Every decklist has its strengths and weaknesses, here I'll talk a little about those on this list. Strengths: This list has such a large number of interactions that you will hardly try to win without having at least 3 answers in hand. Tasigur manages to hold on well in mid game, and if an opponent has the advantage over the others, you can use the Tasigur and ask for an appropriate response from your graveyard, holding the game longer. The Tasigur pilot has to know when to interact, but more important than that is for him to know when not to interact because you can't risk being without answers to problematic cards, especially if you're going to spend 4 mana just to get the answer in your hand, not to mention the spell's cost. Weaknesses: The list is slow and this makes it much easier for you to deal with opponents' boards, but very aggressive decks can take advantage of you when you don't have a lot of mana available and try to win the game. This deck can play both forwards and backwards. When it plays forward, opponents tend to always send the worst cards from your graveyard to your hand, and if you like to play more aggressively, Thrasios is better for this. Because the deck doesn't have many different wincons or wincon pieces, you might end up not finding one of them. In my tests and games I was slow to find, and I never won the game after the eighth or ninth inning.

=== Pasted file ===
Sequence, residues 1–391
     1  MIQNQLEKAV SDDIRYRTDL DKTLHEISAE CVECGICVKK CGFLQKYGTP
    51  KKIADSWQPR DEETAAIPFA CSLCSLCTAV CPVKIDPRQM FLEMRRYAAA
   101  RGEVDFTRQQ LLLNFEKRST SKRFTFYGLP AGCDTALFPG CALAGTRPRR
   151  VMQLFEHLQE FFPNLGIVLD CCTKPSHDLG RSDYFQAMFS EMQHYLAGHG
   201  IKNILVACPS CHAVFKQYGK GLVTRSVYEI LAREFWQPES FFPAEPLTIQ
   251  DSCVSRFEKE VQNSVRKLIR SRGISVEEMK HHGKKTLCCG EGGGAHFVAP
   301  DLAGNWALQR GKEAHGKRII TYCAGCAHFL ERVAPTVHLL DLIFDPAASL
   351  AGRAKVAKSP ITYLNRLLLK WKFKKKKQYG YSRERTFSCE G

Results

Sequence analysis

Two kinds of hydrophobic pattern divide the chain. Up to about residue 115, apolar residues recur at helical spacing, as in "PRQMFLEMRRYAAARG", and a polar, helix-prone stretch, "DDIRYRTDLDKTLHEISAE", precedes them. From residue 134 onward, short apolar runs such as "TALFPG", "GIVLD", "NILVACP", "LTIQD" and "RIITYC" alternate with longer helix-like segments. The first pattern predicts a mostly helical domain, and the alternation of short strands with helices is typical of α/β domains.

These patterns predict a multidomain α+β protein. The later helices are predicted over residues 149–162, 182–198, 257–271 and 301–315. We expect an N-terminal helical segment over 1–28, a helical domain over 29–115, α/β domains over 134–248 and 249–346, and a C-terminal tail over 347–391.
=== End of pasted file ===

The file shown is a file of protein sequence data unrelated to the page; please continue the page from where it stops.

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I close this article here, and stay tuned that soon we will have another cEDH budget deck to demystify this idea that every cEDH deck is more expensive than a car.

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Felipe

Started playing Magic on M20 in 2019. Prefers control decks and seeks to improve his deckbuilding.